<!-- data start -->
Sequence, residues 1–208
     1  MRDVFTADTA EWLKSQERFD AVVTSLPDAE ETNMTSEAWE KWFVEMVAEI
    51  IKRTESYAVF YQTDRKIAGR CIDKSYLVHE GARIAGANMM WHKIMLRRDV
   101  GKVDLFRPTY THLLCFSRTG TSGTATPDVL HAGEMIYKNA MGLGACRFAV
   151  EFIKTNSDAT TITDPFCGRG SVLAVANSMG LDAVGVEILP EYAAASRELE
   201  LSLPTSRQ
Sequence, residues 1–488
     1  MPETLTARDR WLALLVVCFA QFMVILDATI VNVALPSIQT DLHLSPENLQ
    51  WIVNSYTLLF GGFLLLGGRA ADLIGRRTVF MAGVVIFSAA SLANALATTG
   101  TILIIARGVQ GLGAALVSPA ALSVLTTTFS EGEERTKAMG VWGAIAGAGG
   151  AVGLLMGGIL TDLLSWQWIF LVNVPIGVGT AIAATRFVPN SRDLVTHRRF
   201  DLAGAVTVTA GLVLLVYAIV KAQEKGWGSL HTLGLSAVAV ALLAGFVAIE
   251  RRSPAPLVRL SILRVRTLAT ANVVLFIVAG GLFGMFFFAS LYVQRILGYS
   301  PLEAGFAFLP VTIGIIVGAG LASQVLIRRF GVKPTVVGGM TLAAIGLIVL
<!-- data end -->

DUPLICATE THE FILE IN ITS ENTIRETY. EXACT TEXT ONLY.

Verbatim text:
Sequence, residues 1–208
     1  MRDVFTADTA EWLKSQERFD AVVTSLPDAE ETNMTSEAWE KWFVEMVAEI
    51  IKRTESYAVF YQTDRKIAGR CIDKSYLVHE GARIAGANMM WHKIMLRRDV
   101  GKVDLFRPTY THLLCFSRTG TSGTATPDVL HAGEMIYKNA MGLGACRFAV
   151  EFIKTNSDAT TITDPFCGRG SVLAVANSMG LDAVGVEILP EYAAASRELE
   201  LSLPTSRQ
Sequence, residues 1–488
     1  MPETLTARDR WLALLVVCFA QFMVILDATI VNVALPSIQT DLHLSPENLQ
    51  WIVNSYTLLF GGFLLLGGRA ADLIGRRTVF MAGVVIFSAA SLANALATTG
   101  TILIIARGVQ GLGAALVSPA ALSVLTTTFS EGEERTKAMG VWGAIAGAGG
   151  AVGLLMGGIL TDLLSWQWIF LVNVPIGVGT AIAATRFVPN SRDLVTHRRF
   201  DLAGAVTVTA GLVLLVYAIV KAQEKGWGSL HTLGLSAVAV ALLAGFVAIE
   251  RRSPAPLVRL SILRVRTLAT ANVVLFIVAG GLFGMFFFAS LYVQRILGYS
   301  PLEAGFAFLP VTIGIIVGAG LASQVLIRRF GVKPTVVGGM TLAAIGLIVL